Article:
Quantcast
Last updated on April 19, 2014 at 13:20 EDT

Volunteers Needed to Help Basking Shark Survey ; Volunteers Are Being Asked to Log Sightings of Basking Sharks in a Survey That Aims to Find Out More About the World’s Second Largest Fish.

July 27, 2008

Volunteers are being asked to log sightings of basking sharks in a survey that aims to find out more about the world’s second largest fish.

The Seaquest Basking Shark project is taking place at two locations off the Cornish coast and aims to collect information and raise public awareness of the giant fish and the threats they face.

The project is being run by the Cornwall Wildlife Trust (CWT) and SeaWatch, and shark-spotting points will be set up at Gwennap Head and at Carn Gloose, near Cape Cornwall.

Tom Hardy, marine conservation officer for the CWT, said a number of marine life surveys had been carried out before but this was the first specifically for basking sharks.

He said: “The project is important because basking sharks are a protected species and we know very little about them.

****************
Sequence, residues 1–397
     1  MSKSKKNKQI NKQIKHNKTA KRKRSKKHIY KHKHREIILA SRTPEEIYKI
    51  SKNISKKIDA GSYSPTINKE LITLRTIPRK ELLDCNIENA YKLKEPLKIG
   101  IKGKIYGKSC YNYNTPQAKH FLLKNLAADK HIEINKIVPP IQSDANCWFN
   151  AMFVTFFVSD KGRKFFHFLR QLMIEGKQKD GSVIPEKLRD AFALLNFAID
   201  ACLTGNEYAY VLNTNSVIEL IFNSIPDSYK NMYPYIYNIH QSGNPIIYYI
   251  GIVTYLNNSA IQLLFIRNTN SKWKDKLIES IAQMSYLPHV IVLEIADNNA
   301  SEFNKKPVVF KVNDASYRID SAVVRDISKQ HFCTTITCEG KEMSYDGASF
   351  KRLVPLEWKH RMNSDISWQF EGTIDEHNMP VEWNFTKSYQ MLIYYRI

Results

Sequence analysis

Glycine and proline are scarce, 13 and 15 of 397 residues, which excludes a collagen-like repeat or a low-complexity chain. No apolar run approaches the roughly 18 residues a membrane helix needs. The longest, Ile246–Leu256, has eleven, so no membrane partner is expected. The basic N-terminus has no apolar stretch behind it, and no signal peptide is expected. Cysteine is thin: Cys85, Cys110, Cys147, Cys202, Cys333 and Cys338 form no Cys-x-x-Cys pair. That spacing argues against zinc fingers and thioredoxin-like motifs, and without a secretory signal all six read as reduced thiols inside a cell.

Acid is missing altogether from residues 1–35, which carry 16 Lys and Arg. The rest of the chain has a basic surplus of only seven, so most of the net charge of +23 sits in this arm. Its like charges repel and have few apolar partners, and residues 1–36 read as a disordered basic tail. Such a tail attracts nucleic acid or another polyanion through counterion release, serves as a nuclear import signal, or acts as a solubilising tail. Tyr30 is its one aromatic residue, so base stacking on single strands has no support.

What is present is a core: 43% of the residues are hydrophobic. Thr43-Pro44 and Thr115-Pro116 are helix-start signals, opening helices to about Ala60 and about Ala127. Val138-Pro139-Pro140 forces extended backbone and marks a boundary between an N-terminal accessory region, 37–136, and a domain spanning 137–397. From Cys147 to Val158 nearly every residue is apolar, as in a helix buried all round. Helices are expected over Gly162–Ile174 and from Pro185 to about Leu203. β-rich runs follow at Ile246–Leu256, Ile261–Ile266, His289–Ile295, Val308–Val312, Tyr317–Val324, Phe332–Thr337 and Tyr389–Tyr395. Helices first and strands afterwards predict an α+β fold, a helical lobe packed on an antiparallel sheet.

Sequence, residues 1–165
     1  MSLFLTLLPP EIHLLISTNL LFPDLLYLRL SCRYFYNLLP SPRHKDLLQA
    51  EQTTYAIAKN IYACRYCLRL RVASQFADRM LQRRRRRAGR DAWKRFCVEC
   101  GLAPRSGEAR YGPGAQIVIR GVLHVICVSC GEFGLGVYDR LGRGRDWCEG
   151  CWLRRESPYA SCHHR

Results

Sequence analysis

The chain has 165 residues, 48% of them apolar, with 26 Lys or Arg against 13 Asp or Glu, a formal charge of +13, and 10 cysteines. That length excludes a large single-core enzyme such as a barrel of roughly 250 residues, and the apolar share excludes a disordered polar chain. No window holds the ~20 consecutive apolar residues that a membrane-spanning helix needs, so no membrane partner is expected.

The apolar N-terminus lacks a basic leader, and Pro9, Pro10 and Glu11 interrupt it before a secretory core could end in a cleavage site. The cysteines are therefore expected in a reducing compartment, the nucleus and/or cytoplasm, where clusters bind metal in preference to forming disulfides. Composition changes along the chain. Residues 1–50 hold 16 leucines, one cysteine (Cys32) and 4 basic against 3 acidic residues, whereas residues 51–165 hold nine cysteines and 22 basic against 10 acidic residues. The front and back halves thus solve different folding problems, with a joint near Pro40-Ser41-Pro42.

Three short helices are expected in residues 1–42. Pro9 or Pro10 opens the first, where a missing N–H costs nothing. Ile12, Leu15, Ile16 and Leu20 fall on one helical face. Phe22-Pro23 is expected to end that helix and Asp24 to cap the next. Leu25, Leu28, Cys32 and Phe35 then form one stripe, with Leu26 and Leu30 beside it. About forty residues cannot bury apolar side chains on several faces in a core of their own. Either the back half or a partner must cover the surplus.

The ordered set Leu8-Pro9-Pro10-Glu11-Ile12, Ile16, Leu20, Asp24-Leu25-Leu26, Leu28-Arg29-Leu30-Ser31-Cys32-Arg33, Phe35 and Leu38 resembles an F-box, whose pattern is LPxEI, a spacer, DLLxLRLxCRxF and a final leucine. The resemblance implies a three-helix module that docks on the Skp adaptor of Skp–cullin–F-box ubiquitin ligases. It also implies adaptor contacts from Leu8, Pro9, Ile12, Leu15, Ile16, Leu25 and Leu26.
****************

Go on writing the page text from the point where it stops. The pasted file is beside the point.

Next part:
“They are the second largest fish in the world and this information can help establish details about their behaviour.

“We hope to continue the project for a few more weeks and publish the results about three months after that.”

The CWT is appealing for volunteers to come forward who can log shark sightings.

Last year, SeaWatch surveys recorded 656 basking sharks from Gwennap Head and six species of cetacean.

The basking shark is the UK’s biggest wild visitor.

Harmless to humans, the sharks eat only plankton and can grow up to 39ft in length and weigh up to seven tonnes.

Lauren Davis, Seaquest Basking Shark Project volunteer, said: “Our seas are so poorly protected compared to the land.

“Hopefully these surveys will provide decision-makers with the data necessary to give basking sharks the protection that is urgently needed.”

(c) 2008 Western Morning News, The Plymouth (UK). Provided by ProQuest Information and Learning. All rights Reserved.